Snaking through Salt Lake City are several creeks, funneling alpine snowmelt from the Wasatch Mountains to the Jordan River. But they are creeks mostly in name only, confined to buried culverts for much of their courses through Utah’s most densely built urban environments.
Now a combined portion of Red Butte, Emigration and Parleys creeks are exposed to daylight where a future park along the Jordan is taking final shape in the Glendale neighborhood. Called Three Creeks Confluence, the future park is to be integrated into the Jordan River Parkway Trail near 900 West just north of 1300 South.
Until six months ago the site was a parking lot and burned residence, but soon it will be a community focal point where residents can enjoy the river flowing through the city, according to Brian Tonetti, executive director of the Seven Canyons Trust.
Tonetti founded the nonprofit a few years ago to develop a vision for restoring the seven Jordan River tributaries running through the Salt Lake Valley. Planned in partnership with Salt Lake City’s parks and public lands division, the new $3 million city-funded project is the trust’s first major effort to “daylight” a stream.
“There’s so much that you can do with a daylighting project,” Tonetti said during a recent visit to Three Creeks construction site, “from improving water quality, providing recreational opportunities, like fishing, boating, especially along the Jordan River and the connection there, [to] increased economic development around these projects, creating more livable cities.”
Where there was once a lot filled with dead automobiles, a fishing pier built from discarded pallets, mounds of refuse, a charred home and a big pipe that unceremoniously deposited the flow of three streams into the Jordan, there is now 200 feet of creek. The newly opened stream is framed by park space on the Jordan’s east bank and connected with the busy 900 West corridor.
A few miles upstream, Red Butte and Emigration creeks meet at Liberty Park, where they are encased in a culvert running west under 1300 South. Parleys Creek comes in at State Street and the combined flows continue west to the new park at the confluence with the Jordan.
How creek ‘daylighting’ began
Back when cities were rising in the Salt Lake Valley, pioneers channeled the creeks to keep their unruly flows out of their fields and homes.
By doing so, the banks “deepened and eroded and created these nearly vertical banks, which we can still see today. That created a safety issue,” Tonetti said. “Because of the geography of the valley, they functioned as our sewer system. They flow east to west, out of our city, to the Jordan River and onto the Great Salt Lake. By getting rid of things within those creeks, whether that was sewage or chemicals, it was a way to kind of get them out of sight, out of mind.”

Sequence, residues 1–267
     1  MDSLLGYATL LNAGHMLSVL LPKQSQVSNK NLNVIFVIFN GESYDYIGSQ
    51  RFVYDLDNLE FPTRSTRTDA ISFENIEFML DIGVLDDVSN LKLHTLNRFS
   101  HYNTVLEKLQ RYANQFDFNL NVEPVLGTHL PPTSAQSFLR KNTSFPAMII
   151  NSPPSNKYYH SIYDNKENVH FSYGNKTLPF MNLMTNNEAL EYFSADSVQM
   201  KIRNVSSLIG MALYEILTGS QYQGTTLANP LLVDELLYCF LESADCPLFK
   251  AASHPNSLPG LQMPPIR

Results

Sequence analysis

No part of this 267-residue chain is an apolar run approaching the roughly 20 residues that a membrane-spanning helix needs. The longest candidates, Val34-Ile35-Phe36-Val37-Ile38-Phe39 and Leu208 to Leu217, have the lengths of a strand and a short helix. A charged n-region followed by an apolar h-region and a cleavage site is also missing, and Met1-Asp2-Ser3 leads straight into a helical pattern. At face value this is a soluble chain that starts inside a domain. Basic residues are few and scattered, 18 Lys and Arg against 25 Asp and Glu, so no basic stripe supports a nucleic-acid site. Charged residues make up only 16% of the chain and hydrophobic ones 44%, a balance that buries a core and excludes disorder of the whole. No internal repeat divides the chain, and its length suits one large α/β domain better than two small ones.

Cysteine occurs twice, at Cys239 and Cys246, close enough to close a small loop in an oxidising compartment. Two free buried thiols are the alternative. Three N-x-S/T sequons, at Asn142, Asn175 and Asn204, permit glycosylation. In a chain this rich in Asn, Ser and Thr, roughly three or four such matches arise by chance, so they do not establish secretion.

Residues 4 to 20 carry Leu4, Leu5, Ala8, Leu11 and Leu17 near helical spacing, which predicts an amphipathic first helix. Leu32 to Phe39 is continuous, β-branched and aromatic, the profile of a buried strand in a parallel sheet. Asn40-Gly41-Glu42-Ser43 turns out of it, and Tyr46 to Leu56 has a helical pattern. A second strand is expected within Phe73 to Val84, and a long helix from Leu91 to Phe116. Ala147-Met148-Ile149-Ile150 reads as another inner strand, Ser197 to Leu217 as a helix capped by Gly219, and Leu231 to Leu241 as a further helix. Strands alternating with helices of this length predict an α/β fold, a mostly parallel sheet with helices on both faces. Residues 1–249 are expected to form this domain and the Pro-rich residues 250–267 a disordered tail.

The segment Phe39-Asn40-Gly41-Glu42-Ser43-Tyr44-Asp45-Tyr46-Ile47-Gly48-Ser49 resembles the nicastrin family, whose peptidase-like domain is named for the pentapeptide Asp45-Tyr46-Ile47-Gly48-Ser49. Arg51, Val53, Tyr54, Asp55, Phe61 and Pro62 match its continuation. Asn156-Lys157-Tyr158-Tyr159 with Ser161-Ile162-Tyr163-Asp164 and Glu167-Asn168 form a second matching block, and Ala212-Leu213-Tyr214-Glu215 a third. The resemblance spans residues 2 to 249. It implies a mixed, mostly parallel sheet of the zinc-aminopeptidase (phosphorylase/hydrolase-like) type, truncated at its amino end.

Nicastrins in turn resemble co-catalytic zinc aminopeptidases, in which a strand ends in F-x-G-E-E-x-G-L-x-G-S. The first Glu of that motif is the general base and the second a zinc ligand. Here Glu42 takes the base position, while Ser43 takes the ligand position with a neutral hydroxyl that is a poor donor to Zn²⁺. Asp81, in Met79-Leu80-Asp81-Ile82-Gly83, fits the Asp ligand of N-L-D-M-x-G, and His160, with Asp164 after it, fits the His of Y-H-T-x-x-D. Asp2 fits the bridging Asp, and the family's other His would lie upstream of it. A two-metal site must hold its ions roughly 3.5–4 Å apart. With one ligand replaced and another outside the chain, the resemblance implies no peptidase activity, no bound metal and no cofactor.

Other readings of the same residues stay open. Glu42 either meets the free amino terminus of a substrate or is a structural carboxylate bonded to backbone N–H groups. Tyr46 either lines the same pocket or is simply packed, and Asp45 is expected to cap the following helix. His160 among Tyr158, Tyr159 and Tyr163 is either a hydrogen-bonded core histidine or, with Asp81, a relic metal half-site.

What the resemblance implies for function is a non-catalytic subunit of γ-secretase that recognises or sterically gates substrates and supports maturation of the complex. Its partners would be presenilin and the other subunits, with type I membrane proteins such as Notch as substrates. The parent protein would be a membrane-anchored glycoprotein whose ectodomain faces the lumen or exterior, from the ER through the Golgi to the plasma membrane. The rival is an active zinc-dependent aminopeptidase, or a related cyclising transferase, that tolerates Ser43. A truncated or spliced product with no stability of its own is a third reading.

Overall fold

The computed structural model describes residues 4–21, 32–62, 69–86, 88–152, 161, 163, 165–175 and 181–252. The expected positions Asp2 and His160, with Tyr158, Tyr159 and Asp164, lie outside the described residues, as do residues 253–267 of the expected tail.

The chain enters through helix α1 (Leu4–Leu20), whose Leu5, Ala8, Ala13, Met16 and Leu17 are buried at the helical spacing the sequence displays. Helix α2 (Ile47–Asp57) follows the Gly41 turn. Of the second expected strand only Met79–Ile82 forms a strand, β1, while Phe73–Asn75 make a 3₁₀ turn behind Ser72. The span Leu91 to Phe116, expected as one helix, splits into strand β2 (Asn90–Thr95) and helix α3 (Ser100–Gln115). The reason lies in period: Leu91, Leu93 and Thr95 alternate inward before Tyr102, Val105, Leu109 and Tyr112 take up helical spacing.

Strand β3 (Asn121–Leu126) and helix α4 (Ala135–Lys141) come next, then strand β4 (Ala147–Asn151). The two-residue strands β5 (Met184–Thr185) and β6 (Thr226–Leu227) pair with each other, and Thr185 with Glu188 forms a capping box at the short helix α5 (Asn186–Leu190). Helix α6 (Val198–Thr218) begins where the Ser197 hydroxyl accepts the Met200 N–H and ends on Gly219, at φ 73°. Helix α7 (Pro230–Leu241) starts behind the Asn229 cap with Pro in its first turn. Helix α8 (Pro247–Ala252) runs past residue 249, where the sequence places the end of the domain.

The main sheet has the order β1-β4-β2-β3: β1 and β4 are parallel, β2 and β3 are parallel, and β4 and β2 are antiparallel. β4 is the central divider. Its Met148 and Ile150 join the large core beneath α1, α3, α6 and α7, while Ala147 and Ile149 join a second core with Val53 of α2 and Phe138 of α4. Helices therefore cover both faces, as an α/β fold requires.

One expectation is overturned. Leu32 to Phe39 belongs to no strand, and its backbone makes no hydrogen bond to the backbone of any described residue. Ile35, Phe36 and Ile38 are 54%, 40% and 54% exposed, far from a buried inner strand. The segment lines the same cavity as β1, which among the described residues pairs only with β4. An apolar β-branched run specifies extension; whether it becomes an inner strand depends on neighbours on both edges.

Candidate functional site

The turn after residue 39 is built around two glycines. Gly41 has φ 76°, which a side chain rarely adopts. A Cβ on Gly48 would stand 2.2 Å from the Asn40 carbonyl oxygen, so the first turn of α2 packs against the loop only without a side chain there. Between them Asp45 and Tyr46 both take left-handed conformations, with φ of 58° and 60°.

Now a movement is underway across the nation to bring these buried waterways back to life.
Creek daylighting got its first big push in the 1980s in Berkeley, Calif., where portions of at least three long-buried creeks have been opened through the city on the San Francisco Bay. Strawberry, Codornices and Blackberry creeks flow from coastal foothills, mostly through culverts to tidal estuaries on the bay’s east shore. Today, portions flow aboveground through green space.
The Strawberry Creek project, completed in 1984, is considered the archetype of modern creek daylighting, and the example it set has spread across the United States and Europe, according to a report by the Rocky Mountain Institute. Berkeley parks officials opened 200 feet of the creek and built a neighborhood park along its banks that helped revitalize a once-blighted part of the city.
“Strawberry Creek Park draws dozens to hundreds of people a day, many for the opportunity the creek presents urban dwellers, children, and adults alike to see, hear, smell, and feel flowing water and to enjoy the birds and aquatic creatures,” the report states. “Once a high-crime area and drug-dealing hot spot, the area now has a family-oriented feel.”
This is the kind of revitalization Tonetti and his allies are trying to bring to the entire Salt Lake Valley through the Seven Greenways Vision Plan.
“It’s creating greenway corridors,” he said, “along all seven of our creeks that are not only corridors for water, but actually corridors for the movement of wildlife, corridors for the movement of people and biking, walking, et cetera.”
A boost for the west side